Terra incognita The heroes of our generation - The foreigners fighting Islamic State

In a world where so many find IS inspiring, they are a testament to the fact that there is a moral core of humanity that are willing to rise to the challenge when confronted by evil.

ISIS militant. (photo credit: REUTERS)
ISIS militant.
(photo credit: REUTERS)
‘Why I left? Because I couldn’t sit around any longer watching innocent women and children being raped and slaughtered. ISIS [Islamic State, also known as ISIL or IS] is a cancer and needs to be destroyed before it spreads any further.”
The quote was attributed to Ashley Dyball, a native of Brisbane, Australia who, according to reports, arrived in Iraq on May 5 and sought to join Syrian Kurdish forces in the war against Islamist extremists. His friend Reece Harding, also from Australia and 23 years old, had just been killed by a land mine while fighting.
“I have his sawn-off shotgun and will use it to avenge him,” Dyball was quoted as saying.
Harding’s father in Australia told reporters that “with all the information that’s spread about on the Internet with people beheading people, killing children, raping and beating women, I think it really did get to him in the end.” Harding and Dyball have joined a growing list of foreign, mostly English-speaking men who have traveled to Syria to fight IS. Estimates put the number of foreigners fighting with the Kurdish YPG, which has received the most volunteers, at between 200 and 400. In February Jordan Matson, a US veteran who was one of the early volunteers, told Fox News that around 40-50 foreigners were serving alongside him. He told the interviewer that he had gotten tired of watching Yezidis, Christians and others being massacred by the extremists. The Syrian Observatory for Human Rights says the fighters come from Europe, Australia, North America and South America.
But these handful of men are dwarfed by the staggering numbers of foreign fighters flocking to join their opponents. There are thought to be more than 20,000 foreigners who have joined the ranks of IS, more than 5,000 of them from Europe. More than 1,200 volunteers have come from France as well as 500-600 from the UK and Germany.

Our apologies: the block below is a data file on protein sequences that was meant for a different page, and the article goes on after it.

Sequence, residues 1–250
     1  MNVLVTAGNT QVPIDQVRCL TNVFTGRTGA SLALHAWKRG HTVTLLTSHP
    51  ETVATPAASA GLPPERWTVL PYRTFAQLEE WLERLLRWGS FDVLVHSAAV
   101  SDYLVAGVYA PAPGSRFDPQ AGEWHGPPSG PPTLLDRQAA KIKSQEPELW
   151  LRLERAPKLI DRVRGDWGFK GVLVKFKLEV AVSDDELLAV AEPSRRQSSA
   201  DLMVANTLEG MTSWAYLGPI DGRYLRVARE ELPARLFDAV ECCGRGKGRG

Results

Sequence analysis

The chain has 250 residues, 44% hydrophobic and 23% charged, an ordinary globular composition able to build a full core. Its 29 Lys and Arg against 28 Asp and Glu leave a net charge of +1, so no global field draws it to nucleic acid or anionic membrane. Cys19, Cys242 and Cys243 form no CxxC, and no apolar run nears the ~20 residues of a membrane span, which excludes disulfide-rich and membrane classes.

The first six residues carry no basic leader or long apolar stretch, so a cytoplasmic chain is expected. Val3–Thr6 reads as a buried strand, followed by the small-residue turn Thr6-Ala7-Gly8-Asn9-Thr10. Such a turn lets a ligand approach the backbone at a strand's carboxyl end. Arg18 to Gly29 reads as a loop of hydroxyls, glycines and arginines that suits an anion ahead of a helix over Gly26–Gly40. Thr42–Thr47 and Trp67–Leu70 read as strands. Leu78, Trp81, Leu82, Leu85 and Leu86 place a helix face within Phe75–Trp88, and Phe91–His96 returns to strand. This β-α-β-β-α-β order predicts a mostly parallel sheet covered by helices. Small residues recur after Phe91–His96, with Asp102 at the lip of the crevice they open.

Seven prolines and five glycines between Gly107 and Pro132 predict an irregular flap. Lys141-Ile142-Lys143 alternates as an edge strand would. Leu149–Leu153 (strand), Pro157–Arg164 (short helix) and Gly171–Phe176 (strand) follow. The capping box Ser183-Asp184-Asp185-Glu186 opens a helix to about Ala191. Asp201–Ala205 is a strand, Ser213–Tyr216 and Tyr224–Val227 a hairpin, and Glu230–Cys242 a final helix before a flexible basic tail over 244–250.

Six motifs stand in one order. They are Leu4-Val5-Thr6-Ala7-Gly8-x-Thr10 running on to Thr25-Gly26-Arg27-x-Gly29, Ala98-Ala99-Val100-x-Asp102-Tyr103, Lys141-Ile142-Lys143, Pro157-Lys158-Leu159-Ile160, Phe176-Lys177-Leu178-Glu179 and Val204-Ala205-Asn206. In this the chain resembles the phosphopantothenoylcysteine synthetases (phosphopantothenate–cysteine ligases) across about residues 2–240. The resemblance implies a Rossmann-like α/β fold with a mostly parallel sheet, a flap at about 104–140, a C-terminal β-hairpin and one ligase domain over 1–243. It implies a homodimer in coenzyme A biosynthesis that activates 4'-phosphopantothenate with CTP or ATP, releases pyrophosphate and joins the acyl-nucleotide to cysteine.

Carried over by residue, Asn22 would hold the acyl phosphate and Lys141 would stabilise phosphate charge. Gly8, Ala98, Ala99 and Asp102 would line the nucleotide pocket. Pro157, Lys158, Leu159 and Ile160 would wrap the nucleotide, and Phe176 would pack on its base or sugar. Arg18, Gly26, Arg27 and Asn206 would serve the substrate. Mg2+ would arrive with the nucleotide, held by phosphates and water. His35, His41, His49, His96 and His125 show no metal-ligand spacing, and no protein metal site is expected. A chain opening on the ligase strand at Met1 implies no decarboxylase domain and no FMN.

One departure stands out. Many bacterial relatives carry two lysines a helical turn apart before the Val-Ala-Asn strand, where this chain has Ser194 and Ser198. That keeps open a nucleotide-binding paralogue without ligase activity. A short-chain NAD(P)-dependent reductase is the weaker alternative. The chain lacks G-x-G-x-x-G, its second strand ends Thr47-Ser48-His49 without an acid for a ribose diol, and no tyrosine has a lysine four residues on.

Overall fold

It’s interesting to consider the diametrically opposed motivations of these two groups. In May a Yezidi woman kidnapped by IS last year in Iraq told reporters that she was sold for $34 to an Australian IS fighter named Khaled Sharrouf. A 19-year-old told how “girls and mothers were dragged into cattle trucks by their hair before being taken to Mosul,” Islamic State’s main stronghold in Iraq, “where they were divided according to age and marital status before being forced to convert to Islam and sold off.”
Many of the foreign men who journeyed to Iraq and Syria to support Islamic State boasted online of raping women and of the joy of killing. This is the extraordinary thing about the war in Syria and Iraq: men from places like Australia or the UK saw the same images online and one group was outraged and sought to protect the weak, while the other saw a chance for its Hobbessian hedonistic tendencies to be indulged. The best that humanity can produce went to serve alongside the Kurds, and the worst that humanity can produce went to serve alongside IS.
It is an extraordinary story that draws comparisons to the International Brigades that went to fight in the Spanish Civil War against fascism in the 1930s, made famous in such books as For Whom the Bell Tolls. But the moral clarity in the war against IS is even greater than that of the fight against fascism in the 1930s. People often forget, but the true depths Nazism would reach were not yet known in the 1930s. IS has proudly broadcast its mass murder for more than a year. IS boasted of its massacre at Camp Speicher in Iraq where 1,700 young Iraqi Shi’ite cadets were killed. It boasted of selling Yezidi women and raping them.
I remember last year, before many IS Twitter accounts were closed down, men with clearly British origins boasting of what to do with the “kuffar.” They reveled in the mass killing. One man, calling himself Abu Yazid, wrote, “We have a wonderful children’s play area.